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Draft Day Rant Understated

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I’m not going into my usual rant about the attempts by Major League Baseball to turn the draft into an extravaganza along the lines of what the NFL does. The differences are obvious and conveniently glossed over. The most glaring being:

  • The game of football from college to pro is essentially the same.
  • The players are recognizable to a vast majority of people who follow both versions of the sport.
  • It’s easier to project what a player is going to be when he gets to the NFL than it is for a baseball player transitioning from amateur to pro.
  • And in the NFL (and NBA for that matter) the player is walking out of the amateurs and into the highest level of play he can achieve—there are no minor leagues and evolutionary climb along with the favoritism that’s shown to a higher draft pick who has a lot of money and hype invested in him in the other sports.

In addition, most of the “scouting reports” you get from the “experts” in the media is regurgitated trash that they’ve heard from someone else or have accumulated by watching a five minute clip of a player and using buzzwords and catchy phrases designed to make the statement sound in-depth when it’s anything but.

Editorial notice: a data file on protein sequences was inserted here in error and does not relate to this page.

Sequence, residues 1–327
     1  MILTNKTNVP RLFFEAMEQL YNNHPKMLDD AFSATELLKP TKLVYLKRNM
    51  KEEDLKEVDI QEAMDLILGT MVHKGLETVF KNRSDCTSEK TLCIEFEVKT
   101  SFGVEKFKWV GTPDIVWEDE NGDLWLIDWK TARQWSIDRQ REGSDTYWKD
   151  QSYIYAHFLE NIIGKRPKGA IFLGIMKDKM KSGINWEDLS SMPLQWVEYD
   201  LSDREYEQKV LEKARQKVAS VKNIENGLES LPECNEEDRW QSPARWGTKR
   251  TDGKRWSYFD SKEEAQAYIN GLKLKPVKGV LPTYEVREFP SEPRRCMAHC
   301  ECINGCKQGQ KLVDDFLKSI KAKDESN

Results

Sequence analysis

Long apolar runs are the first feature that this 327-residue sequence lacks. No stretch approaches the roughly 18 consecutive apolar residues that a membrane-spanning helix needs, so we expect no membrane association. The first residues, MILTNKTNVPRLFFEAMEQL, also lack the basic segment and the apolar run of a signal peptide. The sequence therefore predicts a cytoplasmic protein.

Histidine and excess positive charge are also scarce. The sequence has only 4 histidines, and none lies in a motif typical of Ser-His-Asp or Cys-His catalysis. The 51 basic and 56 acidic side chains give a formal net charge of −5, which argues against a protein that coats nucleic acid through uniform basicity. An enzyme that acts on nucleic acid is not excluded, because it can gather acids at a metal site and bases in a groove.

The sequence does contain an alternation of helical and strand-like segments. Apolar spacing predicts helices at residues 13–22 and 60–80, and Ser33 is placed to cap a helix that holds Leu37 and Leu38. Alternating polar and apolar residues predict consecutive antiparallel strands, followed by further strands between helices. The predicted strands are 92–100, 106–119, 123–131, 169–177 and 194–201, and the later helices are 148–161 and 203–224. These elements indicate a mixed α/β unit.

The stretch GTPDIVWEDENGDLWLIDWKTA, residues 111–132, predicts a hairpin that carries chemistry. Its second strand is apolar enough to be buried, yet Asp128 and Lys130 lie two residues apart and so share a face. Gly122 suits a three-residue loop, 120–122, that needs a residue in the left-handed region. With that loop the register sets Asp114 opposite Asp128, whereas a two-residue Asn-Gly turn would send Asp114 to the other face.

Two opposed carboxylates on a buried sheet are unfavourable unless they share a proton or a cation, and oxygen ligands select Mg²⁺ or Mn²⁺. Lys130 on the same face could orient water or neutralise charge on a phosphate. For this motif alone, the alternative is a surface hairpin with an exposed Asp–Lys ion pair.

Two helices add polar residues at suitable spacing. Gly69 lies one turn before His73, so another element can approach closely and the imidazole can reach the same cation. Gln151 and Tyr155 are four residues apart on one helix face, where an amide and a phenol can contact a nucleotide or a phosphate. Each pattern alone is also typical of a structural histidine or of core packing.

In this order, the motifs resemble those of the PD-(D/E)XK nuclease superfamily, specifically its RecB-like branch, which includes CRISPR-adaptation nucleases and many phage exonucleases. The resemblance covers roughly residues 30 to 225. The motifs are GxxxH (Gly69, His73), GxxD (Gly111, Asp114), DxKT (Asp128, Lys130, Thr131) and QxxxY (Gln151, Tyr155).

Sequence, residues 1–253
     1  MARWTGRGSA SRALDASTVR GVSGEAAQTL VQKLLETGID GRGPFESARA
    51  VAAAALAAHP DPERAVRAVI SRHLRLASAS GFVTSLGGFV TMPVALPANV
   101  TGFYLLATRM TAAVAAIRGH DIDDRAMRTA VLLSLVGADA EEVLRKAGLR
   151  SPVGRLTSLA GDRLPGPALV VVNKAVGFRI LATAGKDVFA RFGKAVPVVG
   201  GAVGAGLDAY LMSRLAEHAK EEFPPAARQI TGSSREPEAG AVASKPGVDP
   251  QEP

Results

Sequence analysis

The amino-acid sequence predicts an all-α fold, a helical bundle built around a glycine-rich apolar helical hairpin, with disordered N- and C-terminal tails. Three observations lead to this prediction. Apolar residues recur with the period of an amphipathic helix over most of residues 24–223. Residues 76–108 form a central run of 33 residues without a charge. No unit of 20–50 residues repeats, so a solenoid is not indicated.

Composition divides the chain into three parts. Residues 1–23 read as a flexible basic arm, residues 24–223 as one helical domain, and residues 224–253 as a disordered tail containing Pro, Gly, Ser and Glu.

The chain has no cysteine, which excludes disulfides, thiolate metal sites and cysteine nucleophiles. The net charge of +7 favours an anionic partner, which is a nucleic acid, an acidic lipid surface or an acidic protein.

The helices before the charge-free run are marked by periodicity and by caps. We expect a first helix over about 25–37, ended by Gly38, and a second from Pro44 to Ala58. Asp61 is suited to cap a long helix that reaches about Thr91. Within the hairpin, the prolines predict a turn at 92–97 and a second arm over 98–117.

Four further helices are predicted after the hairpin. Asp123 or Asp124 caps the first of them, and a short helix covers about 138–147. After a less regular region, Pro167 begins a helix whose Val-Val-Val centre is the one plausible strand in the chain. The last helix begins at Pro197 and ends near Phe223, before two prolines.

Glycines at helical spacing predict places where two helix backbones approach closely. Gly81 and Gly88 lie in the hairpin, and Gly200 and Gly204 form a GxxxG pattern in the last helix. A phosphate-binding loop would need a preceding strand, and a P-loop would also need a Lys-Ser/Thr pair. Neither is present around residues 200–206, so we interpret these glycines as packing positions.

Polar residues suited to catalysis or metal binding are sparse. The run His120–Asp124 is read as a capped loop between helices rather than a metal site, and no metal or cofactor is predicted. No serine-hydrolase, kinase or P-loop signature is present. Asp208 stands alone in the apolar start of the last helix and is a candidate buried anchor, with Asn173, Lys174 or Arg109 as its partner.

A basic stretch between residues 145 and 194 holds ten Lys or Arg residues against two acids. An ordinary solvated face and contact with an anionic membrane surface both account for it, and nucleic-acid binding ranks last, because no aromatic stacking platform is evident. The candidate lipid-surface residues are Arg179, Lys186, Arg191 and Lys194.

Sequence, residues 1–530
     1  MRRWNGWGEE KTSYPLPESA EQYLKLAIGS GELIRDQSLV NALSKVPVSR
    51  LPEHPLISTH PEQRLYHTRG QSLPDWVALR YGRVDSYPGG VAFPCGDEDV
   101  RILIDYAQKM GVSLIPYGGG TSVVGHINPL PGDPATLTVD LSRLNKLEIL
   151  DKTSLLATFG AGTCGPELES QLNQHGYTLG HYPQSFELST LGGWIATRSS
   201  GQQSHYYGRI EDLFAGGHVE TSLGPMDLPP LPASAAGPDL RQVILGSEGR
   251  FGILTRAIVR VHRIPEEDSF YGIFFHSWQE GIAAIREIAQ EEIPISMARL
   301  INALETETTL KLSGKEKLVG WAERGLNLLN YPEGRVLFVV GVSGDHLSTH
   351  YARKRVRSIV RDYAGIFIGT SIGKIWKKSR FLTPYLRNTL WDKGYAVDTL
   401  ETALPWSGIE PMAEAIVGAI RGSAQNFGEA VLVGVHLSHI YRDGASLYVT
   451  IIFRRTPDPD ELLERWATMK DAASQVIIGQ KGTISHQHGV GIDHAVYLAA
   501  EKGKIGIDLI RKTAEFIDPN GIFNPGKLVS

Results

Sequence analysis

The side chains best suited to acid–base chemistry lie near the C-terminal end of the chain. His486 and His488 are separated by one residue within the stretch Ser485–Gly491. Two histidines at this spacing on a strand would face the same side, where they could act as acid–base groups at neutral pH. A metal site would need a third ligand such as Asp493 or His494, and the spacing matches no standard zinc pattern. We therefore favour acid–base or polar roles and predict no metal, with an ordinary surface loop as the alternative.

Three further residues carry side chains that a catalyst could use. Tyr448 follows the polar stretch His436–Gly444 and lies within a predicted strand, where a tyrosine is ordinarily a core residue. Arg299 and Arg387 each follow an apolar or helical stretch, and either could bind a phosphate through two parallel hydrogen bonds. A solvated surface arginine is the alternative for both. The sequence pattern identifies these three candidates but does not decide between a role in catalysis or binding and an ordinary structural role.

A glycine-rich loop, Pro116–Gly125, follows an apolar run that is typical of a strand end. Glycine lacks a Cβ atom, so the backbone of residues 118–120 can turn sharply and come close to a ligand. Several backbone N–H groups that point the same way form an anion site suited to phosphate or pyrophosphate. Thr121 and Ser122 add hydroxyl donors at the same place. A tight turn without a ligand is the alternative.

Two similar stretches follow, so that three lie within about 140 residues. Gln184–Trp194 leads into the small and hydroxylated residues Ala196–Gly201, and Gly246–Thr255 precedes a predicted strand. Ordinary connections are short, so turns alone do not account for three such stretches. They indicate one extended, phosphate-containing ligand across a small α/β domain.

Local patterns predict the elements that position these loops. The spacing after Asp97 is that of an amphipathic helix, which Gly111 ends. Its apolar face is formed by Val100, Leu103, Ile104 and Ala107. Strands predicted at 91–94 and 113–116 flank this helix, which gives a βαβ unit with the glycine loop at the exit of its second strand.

The most refreshing thing I read today regarding the draft came from a GM the stat guys have grown to loathe, Dan Duquette of the Orioles. Duquette was asked about the draft age son of the player he signed for the Red Sox, Manny Ramirez, and Duquette replied, “I don’t know much about Manny’s boy.”

If it were a GM with a pretentious reputation to protect like Billy Beane or a media draft “expert” like Keith Law, a load of facts, figures and analysis would’ve been rattled off as if it was only a matter of flipping through brain files, finding Manny Ramirez Jr. and providing a biography, a comparison to his dad, his positives and negatives, and projection of what he can be. Most of it would’ve come from the aforementioned brief clip of film, information from someone else that was memorized because they knew they’d be asked about him, or foundational statements that couldn’t be proven or disproven due to their all-encompassing randomness.